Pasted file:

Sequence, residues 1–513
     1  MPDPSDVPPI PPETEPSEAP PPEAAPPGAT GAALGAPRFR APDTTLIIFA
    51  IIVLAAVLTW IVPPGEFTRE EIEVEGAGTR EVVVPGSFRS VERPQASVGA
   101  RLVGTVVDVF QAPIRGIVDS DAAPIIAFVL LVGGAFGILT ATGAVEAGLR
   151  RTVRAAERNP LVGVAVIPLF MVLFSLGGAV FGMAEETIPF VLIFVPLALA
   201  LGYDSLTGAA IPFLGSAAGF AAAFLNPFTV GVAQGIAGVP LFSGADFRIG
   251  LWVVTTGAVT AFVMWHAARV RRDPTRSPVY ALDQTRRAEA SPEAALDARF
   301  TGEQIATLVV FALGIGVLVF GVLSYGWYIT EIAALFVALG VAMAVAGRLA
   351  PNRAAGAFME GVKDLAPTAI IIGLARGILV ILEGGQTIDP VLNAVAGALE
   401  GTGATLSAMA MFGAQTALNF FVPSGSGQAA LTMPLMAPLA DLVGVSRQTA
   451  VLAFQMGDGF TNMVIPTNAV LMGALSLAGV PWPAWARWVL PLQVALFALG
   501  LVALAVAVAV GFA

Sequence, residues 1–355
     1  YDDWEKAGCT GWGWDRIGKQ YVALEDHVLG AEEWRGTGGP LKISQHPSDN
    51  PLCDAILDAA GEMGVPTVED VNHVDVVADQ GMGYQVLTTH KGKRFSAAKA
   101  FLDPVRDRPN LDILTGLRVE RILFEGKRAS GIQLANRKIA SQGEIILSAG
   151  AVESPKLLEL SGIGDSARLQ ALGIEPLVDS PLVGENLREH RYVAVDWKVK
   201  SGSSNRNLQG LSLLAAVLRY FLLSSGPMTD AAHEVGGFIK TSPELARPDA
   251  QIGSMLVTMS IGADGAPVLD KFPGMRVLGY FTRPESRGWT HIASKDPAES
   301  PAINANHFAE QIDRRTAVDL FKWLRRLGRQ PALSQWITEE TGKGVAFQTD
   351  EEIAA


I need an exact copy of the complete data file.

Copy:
Sequence, residues 1–513
     1  MPDPSDVPPI PPETEPSEAP PPEAAPPGAT GAALGAPRFR APDTTLIIFA
    51  IIVLAAVLTW IVPPGEFTRE EIEVEGAGTR EVVVPGSFRS VERPQASVGA
   101  RLVGTVVDVF QAPIRGIVDS DAAPIIAFVL LVGGAFGILT ATGAVEAGLR
   151  RTVRAAERNP LVGVAVIPLF MVLFSLGGAV FGMAEETIPF VLIFVPLALA
   201  LGYDSLTGAA IPFLGSAAGF AAAFLNPFTV GVAQGIAGVP LFSGADFRIG
   251  LWVVTTGAVT AFVMWHAARV RRDPTRSPVY ALDQTRRAEA SPEAALDARF
   301  TGEQIATLVV FALGIGVLVF GVLSYGWYIT EIAALFVALG VAMAVAGRLA
   351  PNRAAGAFME GVKDLAPTAI IIGLARGILV ILEGGQTIDP VLNAVAGALE
   401  GTGATLSAMA MFGAQTALNF FVPSGSGQAA LTMPLMAPLA DLVGVSRQTA
   451  VLAFQMGDGF TNMVIPTNAV LMGALSLAGV PWPAWARWVL PLQVALFALG
   501  LVALAVAVAV GFA

Sequence, residues 1–355
     1  YDDWEKAGCT GWGWDRIGKQ YVALEDHVLG AEEWRGTGGP LKISQHPSDN
    51  PLCDAILDAA GEMGVPTVED VNHVDVVADQ GMGYQVLTTH KGKRFSAAKA
   101  FLDPVRDRPN LDILTGLRVE RILFEGKRAS GIQLANRKIA SQGEIILSAG
   151  AVESPKLLEL SGIGDSARLQ ALGIEPLVDS PLVGENLREH RYVAVDWKVK
   201  SGSSNRNLQG LSLLAAVLRY FLLSSGPMTD AAHEVGGFIK TSPELARPDA
   251  QIGSMLVTMS IGADGAPVLD KFPGMRVLGY FTRPESRGWT HIASKDPAES
   301  PAINANHFAE QIDRRTAVDL FKWLRRLGRQ PALSQWITEE TGKGVAFQTD
   351  EEIAA